Coronavirus is forcing providers and allied professionals serving mothers and babies to make unprecedented decisions. Should pregnant women needing care go through our hospital quarantine entrance? Should moms deliver without partners, family or doulas present? Be sent home early before key screenings or jaundice treatment are completed?
To make matters worse, our systems aren't ready for basic remote care of mothers and infants now "socially distanced". Prenatal, post-partum and well-baby visits are being cancelled or moved to phone but healthcare and most home visitors lack basic technology and training to keep mothers educated, engaged, and healthy remotely. We all fear mental illness, deaths of despair, and pregnancy-related maternal mortality will rise from isolation and/or mis-steps.
If you're worried about trauma and outcomes induced by covid panic (including by our well-meaning healthcare and public health responses), please join this webinar tomorrow at 10am PACIFIC.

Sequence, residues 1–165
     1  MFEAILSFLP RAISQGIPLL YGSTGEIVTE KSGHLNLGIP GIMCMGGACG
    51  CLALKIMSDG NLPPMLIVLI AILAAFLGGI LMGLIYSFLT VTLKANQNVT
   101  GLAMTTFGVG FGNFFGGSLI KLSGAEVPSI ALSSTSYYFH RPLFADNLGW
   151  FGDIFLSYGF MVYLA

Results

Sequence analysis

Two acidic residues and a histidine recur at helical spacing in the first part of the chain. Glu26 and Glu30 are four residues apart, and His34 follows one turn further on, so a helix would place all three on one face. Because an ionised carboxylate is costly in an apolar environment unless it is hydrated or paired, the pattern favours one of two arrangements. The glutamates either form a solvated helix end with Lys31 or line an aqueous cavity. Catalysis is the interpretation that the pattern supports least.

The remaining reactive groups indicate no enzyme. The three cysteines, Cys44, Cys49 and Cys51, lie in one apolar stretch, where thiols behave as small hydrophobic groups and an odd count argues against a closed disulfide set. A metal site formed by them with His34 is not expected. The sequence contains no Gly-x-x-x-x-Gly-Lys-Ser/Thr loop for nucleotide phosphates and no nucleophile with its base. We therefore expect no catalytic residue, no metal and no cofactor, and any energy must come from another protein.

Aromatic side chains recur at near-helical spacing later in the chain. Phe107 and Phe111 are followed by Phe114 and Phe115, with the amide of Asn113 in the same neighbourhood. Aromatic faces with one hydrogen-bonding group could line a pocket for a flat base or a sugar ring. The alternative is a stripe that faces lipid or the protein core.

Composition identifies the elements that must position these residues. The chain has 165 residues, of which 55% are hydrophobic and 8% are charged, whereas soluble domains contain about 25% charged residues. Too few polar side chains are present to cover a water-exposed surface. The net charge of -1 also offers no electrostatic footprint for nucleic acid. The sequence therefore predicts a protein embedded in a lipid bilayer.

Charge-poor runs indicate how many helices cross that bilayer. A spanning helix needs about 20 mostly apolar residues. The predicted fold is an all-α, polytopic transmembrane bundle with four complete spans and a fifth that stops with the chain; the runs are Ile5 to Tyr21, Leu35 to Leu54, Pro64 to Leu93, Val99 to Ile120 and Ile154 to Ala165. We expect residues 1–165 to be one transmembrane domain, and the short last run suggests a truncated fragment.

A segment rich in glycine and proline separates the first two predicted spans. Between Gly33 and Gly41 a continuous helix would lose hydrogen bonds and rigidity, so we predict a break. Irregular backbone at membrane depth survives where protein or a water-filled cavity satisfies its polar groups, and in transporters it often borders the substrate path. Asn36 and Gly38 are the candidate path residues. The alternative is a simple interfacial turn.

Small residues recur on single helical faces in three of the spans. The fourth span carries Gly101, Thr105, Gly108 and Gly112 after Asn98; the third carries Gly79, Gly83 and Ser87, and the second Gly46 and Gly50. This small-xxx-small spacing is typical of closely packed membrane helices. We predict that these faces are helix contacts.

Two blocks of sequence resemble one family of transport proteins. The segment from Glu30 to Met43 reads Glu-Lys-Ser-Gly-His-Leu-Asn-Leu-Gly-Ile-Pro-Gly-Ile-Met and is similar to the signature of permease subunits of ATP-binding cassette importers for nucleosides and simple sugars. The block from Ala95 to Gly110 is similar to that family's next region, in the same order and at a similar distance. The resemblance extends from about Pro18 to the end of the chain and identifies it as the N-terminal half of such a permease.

Hosted by Mahmee, a maternal-infant health care coordination platform committed to equity, we will discuss how to make adjustments to clinical workflows and triage prenatal and postpartum concerns. Best practices will be offered for identifying patients who should continue receiving in-clinic and in-home appointments vs. those who can and should have care managed virtually.
Mahmee was designed to help diverse practitioners collaborate and deliver comprehensive, women-centered virtual care. The session will include a brief walk-through of Mahmee's tools, including telehealth visits and support groups, charting and screening, secure messaging and file sharing, closed-loop referrals, and effective flagging of high-risk patients for care team escalation.
This weekend Mahmee's leadership and I decided to make it free for all professionals and moms during this crisis. Telehealth shouldn't just be made available to those whose insurers or health systems can afford it!
Working together we can reduce the trauma burden of covid-19 and prevent an otherwise inevitable cascade into ACEs. I hope you'll join us tomorrow to discuss how we can get it done.
Hope to see you there!
Jonathan Goldfinger, MD, MPH, FAAP